Continuous Professional Development

  • Quiz Time
  • Quiz Time
  • Quiz Time
  • Quiz Time
  • Quiz Time

Continuous Medical Education (CME)

The Office of Continuous Professional Development provides AMA PRA 1 credit for continuing medical education activities as well as APA credits for continuing education in Psychology throughout VUMC and for VUMC sponsored local and national activities.

2016-17 Program Growth

Growth in the system has been dramatic, with an increase from 4500 users and 396 activities at year end 2015 to just over just over 9,000 hours of education to 15000 unique users through 500 activities at year end 2016. This growth in activity is the result of OCPD’s focus on enhanced processes and technology innovation easing activity set up and user enrollment for clinical department activity directors.

Improved Administrative Efficiencies

Included in the VSTAR based CME system is SMS texting for practitioner attendance recording as well as event survey delivery. The automation of attendance and evaluation has significantly reduced time spent by clinical department staff. Conflict of interest disclosure and maintenance has additionally been moved online into the CME system, further reducing clinical department staff efforts.

Strategic Planning

OCPD efforts are aligned with the enterprise-wide strategic goals of Discover, Learn and Share and Amplify Innovation. For example:

  • Support was provided for the creation of Quiz Time, an additional VSTAR application designed to provide continuing education through assessment to enhance learning. Pilot studies of Quiz Time in Anesthesiology and Radiology have been highly successful and the platform has been recognized by Dr. Balser in the State of the Medical Center address as the CME innovation for 2017. OCPD has teamed with educators, health IT programmers and design experts to bring this product to the VUMC market with a larger implementation program focused on proper opiate prescribing across the enterprise. 
  • Expanding CME Activities: OCPD efforts have continued to be mindful of the growing need to provide CME to those outside of VUMC, and is collaborating with Anesthesiology to provide CME for the National Association of Practicing Anesthesiologists. OCPD has recently certified the first ECHO™ model of Tele-Health Education at Vanderbilt and is involved in furthering Tele-Health education hosted by VUMC. These CME pilots allow OCPD to design the process and infrastructure necessary to provide education across the Vanderbilt Health Affiliated Network and our region.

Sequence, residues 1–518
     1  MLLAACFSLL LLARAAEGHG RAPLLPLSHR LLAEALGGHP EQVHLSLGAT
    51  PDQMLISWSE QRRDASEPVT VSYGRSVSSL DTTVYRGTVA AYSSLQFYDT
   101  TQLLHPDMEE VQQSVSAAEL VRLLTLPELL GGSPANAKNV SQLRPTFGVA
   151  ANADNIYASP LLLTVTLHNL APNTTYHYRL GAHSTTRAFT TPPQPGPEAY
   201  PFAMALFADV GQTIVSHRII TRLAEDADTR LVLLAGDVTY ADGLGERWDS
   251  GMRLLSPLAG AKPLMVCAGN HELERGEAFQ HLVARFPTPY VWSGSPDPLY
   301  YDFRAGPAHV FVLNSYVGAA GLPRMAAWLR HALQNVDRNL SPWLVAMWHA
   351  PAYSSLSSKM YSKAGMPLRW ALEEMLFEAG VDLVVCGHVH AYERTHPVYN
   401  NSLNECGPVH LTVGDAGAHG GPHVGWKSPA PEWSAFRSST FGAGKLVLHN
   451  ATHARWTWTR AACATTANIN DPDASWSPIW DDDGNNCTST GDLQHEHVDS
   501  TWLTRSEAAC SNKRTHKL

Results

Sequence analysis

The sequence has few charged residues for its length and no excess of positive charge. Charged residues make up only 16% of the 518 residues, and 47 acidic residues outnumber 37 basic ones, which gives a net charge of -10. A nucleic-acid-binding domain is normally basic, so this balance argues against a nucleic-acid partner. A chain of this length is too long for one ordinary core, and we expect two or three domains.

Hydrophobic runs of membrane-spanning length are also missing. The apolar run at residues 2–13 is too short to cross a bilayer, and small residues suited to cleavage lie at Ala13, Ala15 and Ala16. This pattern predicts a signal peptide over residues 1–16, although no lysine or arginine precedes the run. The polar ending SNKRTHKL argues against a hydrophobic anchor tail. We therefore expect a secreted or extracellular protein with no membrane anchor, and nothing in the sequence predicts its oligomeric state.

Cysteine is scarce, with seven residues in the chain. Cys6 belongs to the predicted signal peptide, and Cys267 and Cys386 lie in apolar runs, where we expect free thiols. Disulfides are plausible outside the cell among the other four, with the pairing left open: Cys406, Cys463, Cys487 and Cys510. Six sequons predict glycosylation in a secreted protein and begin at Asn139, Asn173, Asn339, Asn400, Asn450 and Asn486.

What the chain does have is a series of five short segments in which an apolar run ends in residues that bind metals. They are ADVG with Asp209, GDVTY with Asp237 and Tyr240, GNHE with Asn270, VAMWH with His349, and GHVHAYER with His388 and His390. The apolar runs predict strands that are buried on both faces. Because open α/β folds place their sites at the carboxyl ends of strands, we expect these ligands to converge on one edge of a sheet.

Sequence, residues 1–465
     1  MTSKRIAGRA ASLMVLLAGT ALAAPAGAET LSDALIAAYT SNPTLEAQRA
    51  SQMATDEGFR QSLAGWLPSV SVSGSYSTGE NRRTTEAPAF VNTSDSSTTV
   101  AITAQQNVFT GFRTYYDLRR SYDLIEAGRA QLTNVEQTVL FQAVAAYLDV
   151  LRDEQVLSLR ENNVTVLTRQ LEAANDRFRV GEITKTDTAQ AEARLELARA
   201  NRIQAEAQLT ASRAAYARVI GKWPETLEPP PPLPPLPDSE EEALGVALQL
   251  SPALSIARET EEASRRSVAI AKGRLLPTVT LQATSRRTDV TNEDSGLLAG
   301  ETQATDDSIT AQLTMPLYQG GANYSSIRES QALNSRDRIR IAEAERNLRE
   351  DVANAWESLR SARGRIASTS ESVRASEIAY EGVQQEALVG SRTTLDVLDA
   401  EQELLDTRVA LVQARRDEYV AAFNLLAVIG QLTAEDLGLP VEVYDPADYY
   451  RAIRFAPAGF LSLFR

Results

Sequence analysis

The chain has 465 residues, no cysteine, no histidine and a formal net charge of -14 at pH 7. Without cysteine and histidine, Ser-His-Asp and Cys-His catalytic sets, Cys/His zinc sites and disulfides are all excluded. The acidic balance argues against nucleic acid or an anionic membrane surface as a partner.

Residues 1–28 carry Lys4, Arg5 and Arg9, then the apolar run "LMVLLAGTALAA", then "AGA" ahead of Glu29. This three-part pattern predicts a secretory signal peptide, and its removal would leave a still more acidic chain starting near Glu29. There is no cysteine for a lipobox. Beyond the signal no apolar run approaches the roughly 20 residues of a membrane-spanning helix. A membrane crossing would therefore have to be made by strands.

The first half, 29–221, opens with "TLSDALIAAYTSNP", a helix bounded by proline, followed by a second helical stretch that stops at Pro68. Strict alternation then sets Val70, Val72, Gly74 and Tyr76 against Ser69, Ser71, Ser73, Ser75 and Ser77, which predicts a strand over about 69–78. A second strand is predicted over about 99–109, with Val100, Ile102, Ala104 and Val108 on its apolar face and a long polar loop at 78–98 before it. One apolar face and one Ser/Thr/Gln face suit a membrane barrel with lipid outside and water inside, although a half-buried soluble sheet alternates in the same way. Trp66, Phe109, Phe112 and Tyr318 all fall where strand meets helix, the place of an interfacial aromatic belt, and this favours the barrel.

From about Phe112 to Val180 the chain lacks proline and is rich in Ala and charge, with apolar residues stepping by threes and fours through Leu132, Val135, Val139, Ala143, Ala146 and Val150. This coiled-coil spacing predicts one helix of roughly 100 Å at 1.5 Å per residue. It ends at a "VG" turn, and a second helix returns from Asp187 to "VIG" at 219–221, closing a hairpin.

Future Challenges

OCPD has many challenges ahead in its support of current CME efforts as well as innovations in the field.

  • New Accreditation Criteria: VUMC has maintained its Accreditation with Commendation status with the ACCME, and new accreditation criteria will require further programmatic and process development.
  • Closing Practice Gaps: The greatest challenge is incorporating and capturing learning in daily clinical practice as the key to CME success in closing practice gaps to ensure the highest value based healthcare outcomes for patients. Maintenance of certification efforts are an extension of continuing education integrated with systems process improvement, but currently these activities are undertaken separately by clinicians. OCPD continues to work with clinicians and operational systems to find ways to co-localize learning in practice with systems improvement to achieve a patient outcome consistent with the highest value in healthcare.

Quiz Time

In the Spring 2017, a diverse group convened to make Quiz Time, a smartphone application designed to personalize learning for clinicians, a reality at Vanderbilt. The "Quiz Time Rapid Development Team" was charged with designing and implementing a CME-certified pilot project.

Members included: Bonnie Miller and Donald Brady from OHSE; Don Moore, Geoffrey Fleming, and Sarah Krentz from OCPD; Matt McEvoy and Leslie Fowler from Anesthesiology; Lori Deitte and Meaghan Magarik from Radiology; Anderson Spickard, III, from Biomedical Informatics; Toufeeq Ahmed and Chander Sharma from Education Informatics; and Steve Weissenburger from the Strategy and Innovation Office.

The purpose: “Function First, Opioids Last: An Educational Intervention to Improve Opioid Prescribing in Tennessee” was to compare the pre- and post-prescribing practices of participating hospitalist and Ob/Gyn groups (acute inpatient pain).

  • 40 questions were sent over 8 weeks for a maximum of 4.0 AMA PRA Category 1 Credit(s)™ that also met the State’s prescribing CME requirements
  • 54 learners participated, answered 1046 questions, and earned a total of 81 credits
  • Each question was vetted through several different expert authors and contained extremely thorough rationale including 1-5 pieces of recommended reading for further information on the subject

The following were among the goals achieved:

  • CME credit was awarded for engagement in a specific Quiz Time enduring material with minimal to no extra effort from the learner beyond engagement in the learning activity itself
  • Quiz Time and the online CME system were integrated in such a way that CME credit was easily pushed to a learner’s transcript with minimal to no effort from the learner

Conclusion: Ultimately, Quiz Time has the potential to impact physician behavior, which in turn will positively affect patient care.

For more information about Continuous Professional Development, please visit